For example – if you are experiencing the physical symptom of head tingling – your false catastrophic thought might be cancer or a brain tumor. Or when a loved one is late coming home – you might think it’s because they’re cheating on you – or may be in an unsafe, catastrophic situation. These are called ‘cognitive distortions’ and they’re often the fuel that feeds the fire with regards to panic attacks.

These scenarios and thoughts – manifest themselves in a similar way in the workplace and learning how to cope with those is essential to your overcoming your panic attacks. Whether you’re worried about the presentation you’re about to lead in front of leadership, a looming deadline or an overbearing boss, the reality is that none of those things are going to go away on their own. You’ll need to learn how to manage your thought processes that take your discomfort from simple anxiety to full-blown panic attacks.

Cognitive Behavioral Treatment (CBT) is a scientifically validated drug free approach which guides you through the steps to stop panic in its tracks. This approach views panic attacks as caused by a catastrophic misinterpretations of normal bodily sensations of adrenaline. You will learn to challenge the validity of your false thoughts. Heart pounding has nothing to do with a heart attack. I have been to the Emergency Room twice and told my heart is fine and my family doctor has reassured me I have a healthy heart. Heart pounding is no different that when I run up a flight of stairs.

In order for Cognitive Behavioral Treatment to work, you’ll have to practice the method and the best time for practicing these techniques is when you’re not in a high-stress situation.

Through constant, repetitious practice of these methods, you will learn to take control and block panic attacks.

Planning ahead  

After you have identified the triggers for your attacks and you recognize the physical symptoms and cognitive distortions of your panic episodes then you must rehearse the take control training stance to block your next attack in the workplace.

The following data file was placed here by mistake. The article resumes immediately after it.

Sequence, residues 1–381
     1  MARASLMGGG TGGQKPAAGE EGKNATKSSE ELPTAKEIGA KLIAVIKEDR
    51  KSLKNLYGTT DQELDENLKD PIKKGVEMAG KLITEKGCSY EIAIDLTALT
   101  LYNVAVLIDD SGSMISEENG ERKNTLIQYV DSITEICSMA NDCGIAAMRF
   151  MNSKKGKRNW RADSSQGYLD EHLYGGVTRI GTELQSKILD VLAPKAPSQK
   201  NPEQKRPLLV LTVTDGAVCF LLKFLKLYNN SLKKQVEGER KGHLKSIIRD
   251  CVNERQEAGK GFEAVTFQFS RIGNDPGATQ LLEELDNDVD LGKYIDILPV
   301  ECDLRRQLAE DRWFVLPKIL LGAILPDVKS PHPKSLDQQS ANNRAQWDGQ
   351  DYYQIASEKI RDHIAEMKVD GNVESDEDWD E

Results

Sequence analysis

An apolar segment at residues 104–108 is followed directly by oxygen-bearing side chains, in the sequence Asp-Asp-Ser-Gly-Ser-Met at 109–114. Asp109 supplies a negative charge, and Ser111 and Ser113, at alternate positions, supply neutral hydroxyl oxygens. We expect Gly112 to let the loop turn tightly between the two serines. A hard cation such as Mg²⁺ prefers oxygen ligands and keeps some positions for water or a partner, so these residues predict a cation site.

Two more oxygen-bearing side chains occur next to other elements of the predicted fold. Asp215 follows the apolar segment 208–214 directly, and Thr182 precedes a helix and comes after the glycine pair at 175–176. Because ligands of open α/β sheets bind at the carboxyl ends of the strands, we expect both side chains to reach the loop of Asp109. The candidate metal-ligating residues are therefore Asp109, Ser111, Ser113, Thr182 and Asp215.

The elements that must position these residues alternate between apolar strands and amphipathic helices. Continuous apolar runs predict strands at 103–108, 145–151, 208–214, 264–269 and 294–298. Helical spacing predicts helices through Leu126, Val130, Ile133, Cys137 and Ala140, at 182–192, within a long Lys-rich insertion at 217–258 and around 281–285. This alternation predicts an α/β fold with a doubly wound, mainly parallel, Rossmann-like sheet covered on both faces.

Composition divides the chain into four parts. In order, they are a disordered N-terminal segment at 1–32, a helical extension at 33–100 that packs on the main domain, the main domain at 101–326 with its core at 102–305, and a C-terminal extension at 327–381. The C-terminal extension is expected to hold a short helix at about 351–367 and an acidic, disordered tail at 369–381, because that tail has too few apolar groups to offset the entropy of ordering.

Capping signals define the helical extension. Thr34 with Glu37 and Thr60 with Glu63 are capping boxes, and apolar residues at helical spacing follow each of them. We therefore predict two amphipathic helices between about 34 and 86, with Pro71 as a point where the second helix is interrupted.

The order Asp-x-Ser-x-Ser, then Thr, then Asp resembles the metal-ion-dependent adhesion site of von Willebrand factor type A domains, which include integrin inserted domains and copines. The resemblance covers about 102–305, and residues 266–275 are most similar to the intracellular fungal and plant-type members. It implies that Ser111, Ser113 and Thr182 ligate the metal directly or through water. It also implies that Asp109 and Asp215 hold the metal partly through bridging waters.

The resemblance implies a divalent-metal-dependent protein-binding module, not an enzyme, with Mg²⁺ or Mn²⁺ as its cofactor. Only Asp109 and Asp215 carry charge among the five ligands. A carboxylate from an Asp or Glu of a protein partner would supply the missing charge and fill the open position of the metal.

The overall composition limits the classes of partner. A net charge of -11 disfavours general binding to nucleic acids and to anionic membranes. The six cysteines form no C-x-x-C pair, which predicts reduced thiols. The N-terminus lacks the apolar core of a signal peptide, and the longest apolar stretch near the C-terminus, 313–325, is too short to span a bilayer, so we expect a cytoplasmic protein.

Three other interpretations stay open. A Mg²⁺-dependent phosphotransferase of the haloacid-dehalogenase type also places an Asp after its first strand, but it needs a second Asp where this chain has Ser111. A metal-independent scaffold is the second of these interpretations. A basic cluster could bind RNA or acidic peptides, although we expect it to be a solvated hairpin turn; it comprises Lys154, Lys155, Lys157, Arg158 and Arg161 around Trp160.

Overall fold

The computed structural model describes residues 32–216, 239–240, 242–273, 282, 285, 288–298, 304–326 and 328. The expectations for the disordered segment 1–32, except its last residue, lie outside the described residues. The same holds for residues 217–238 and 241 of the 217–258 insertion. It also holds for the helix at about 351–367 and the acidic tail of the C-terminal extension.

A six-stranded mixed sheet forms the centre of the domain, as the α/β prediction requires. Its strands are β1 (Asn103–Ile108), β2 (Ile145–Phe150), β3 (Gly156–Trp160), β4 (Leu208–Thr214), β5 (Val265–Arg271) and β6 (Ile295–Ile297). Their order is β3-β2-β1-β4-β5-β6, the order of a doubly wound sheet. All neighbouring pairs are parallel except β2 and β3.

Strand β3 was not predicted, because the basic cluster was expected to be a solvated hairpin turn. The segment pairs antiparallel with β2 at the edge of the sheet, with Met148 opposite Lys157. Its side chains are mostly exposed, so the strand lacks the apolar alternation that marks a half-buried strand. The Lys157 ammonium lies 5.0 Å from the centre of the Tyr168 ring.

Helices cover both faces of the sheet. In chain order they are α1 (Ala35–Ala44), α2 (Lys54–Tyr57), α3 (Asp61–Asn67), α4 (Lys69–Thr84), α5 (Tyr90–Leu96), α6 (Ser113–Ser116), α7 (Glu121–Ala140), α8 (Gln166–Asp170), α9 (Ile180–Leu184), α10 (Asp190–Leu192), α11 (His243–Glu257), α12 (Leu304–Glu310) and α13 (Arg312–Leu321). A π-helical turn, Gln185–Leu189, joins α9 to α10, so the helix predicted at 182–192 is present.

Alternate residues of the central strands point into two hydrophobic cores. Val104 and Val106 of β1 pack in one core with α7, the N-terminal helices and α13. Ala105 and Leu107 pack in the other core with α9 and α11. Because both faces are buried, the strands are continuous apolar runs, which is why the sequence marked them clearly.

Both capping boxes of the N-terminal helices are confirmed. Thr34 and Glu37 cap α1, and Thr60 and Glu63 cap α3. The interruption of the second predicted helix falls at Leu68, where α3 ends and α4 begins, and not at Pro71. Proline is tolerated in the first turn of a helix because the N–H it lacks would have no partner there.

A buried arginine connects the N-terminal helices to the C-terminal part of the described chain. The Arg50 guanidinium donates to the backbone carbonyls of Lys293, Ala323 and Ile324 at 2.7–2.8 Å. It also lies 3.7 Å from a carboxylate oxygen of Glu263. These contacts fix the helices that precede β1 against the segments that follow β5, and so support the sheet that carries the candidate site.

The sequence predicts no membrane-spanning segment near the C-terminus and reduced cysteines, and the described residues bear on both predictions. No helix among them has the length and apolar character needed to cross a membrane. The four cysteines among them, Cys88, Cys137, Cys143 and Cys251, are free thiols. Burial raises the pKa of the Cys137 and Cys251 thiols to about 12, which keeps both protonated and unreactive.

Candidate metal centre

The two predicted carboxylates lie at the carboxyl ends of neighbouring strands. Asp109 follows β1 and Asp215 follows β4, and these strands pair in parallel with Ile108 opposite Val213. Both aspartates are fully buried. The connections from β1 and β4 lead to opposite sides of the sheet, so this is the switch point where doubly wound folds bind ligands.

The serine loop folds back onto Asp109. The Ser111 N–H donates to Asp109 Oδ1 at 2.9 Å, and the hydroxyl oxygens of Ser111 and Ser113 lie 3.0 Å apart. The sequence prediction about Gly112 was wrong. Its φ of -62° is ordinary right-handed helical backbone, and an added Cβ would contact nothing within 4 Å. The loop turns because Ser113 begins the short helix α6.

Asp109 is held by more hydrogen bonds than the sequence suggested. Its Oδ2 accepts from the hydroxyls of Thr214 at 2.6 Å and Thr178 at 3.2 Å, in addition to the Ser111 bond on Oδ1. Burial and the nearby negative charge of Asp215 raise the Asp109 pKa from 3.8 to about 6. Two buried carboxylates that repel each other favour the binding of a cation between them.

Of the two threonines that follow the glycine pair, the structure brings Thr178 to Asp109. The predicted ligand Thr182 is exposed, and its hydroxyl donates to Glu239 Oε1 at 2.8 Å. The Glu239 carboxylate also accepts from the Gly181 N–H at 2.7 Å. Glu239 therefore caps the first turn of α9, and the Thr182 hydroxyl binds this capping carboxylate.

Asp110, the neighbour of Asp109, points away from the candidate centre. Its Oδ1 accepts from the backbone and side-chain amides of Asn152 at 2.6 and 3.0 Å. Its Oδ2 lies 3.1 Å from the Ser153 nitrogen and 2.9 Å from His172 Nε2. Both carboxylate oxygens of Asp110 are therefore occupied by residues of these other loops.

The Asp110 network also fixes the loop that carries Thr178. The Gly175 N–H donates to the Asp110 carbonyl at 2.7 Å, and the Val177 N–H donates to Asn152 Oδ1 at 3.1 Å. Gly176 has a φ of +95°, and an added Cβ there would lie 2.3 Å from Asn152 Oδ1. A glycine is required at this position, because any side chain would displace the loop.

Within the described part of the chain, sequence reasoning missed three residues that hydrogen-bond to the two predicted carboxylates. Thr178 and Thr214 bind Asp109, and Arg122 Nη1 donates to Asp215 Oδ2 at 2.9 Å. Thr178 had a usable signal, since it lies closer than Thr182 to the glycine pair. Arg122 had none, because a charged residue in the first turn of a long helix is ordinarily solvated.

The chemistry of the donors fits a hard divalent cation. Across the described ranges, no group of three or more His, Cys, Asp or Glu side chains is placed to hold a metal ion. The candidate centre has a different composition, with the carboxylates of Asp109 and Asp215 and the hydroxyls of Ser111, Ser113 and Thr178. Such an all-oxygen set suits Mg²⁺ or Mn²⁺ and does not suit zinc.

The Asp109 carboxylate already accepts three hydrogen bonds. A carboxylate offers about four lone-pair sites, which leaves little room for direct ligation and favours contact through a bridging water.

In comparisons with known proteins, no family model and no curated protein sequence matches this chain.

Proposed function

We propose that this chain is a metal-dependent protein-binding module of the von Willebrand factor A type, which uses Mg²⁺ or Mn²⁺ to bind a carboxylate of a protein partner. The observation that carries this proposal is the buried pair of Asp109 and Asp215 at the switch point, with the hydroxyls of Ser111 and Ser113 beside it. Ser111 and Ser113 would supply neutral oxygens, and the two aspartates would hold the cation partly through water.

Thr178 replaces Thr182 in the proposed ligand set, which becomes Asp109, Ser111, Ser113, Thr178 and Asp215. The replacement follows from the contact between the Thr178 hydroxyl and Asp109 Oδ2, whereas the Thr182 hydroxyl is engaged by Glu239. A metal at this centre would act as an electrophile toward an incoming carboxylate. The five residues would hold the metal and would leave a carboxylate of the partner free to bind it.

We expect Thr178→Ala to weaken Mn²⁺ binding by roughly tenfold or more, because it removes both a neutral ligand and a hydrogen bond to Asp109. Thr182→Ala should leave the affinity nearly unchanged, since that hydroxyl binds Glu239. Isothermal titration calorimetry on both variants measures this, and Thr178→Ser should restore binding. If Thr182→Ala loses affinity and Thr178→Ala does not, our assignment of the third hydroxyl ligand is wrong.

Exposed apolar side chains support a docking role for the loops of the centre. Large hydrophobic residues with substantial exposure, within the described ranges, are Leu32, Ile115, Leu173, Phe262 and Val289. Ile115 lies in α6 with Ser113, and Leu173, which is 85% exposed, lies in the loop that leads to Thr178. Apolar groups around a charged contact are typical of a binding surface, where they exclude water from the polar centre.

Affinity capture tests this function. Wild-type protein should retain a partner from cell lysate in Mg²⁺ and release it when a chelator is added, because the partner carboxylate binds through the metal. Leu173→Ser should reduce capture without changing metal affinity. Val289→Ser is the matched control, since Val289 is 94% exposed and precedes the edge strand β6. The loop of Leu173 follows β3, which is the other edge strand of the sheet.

Behavioral Rehearsal can prepare you in advance to take control of your panic attacks. First pick the triggering situation such as a the Monday morning business meeting. Next identify your “anticipatory anxiety thoughts” What if I get hot and dizzy and pass out on the floor in front of everyone?” Next is the cognitive challenge to your false catastrophic thought. I have never passed out in 37 years. Adrenaline will not make me pass out. It is designed to put me more in control as part of the “fight or flight” response. Finally, embrace the physical feeling of hot and dizzy as natural normal feeling of adrenaline.

Build a support network 

The choice to keep your panic attacks a secret is yours to make. However, it’s always good to have some people you can confide in. And those people don’t have to be people you work with. They can be your spouse, friends, parents, or your doctor. All of these people can have a tremendous impact on your life and your overall sense of wellbeing. Having a social support network can take the edge off your day-to-day life and drastically reduce the sense of loneliness you might be feeling.  You are not alone. Millions of people suffer from panic attacks.

Remember that when you change how you think – you can change how you feel and how you behave. Help is available if you need it. Good luck!